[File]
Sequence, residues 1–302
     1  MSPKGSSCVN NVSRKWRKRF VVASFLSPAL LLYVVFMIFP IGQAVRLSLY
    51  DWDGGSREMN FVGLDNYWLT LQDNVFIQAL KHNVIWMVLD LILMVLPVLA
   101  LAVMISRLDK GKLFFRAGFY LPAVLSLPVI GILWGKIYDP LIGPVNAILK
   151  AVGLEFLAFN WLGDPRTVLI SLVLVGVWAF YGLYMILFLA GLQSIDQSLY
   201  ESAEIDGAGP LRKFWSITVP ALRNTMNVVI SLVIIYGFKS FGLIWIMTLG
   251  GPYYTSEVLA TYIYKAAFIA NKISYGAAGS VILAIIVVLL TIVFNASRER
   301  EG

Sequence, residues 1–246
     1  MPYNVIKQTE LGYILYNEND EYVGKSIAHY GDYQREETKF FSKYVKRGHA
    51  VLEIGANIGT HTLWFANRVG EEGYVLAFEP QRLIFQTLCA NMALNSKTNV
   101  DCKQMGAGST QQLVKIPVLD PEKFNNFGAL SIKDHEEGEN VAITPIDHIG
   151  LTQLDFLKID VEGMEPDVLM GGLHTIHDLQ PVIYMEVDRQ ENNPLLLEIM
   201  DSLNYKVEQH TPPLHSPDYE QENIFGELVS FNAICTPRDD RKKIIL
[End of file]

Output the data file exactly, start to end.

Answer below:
Sequence, residues 1–302
     1  MSPKGSSCVN NVSRKWRKRF VVASFLSPAL LLYVVFMIFP IGQAVRLSLY
    51  DWDGGSREMN FVGLDNYWLT LQDNVFIQAL KHNVIWMVLD LILMVLPVLA
   101  LAVMISRLDK GKLFFRAGFY LPAVLSLPVI GILWGKIYDP LIGPVNAILK
   151  AVGLEFLAFN WLGDPRTVLI SLVLVGVWAF YGLYMILFLA GLQSIDQSLY
   201  ESAEIDGAGP LRKFWSITVP ALRNTMNVVI SLVIIYGFKS FGLIWIMTLG
   251  GPYYTSEVLA TYIYKAAFIA NKISYGAAGS VILAIIVVLL TIVFNASRER
   301  EG

Sequence, residues 1–246
     1  MPYNVIKQTE LGYILYNEND EYVGKSIAHY GDYQREETKF FSKYVKRGHA
    51  VLEIGANIGT HTLWFANRVG EEGYVLAFEP QRLIFQTLCA NMALNSKTNV
   101  DCKQMGAGST QQLVKIPVLD PEKFNNFGAL SIKDHEEGEN VAITPIDHIG
   151  LTQLDFLKID VEGMEPDVLM GGLHTIHDLQ PVIYMEVDRQ ENNPLLLEIM
   201  DSLNYKVEQH TPPLHSPDYE QENIFGELVS FNAICTPRDD RKKIIL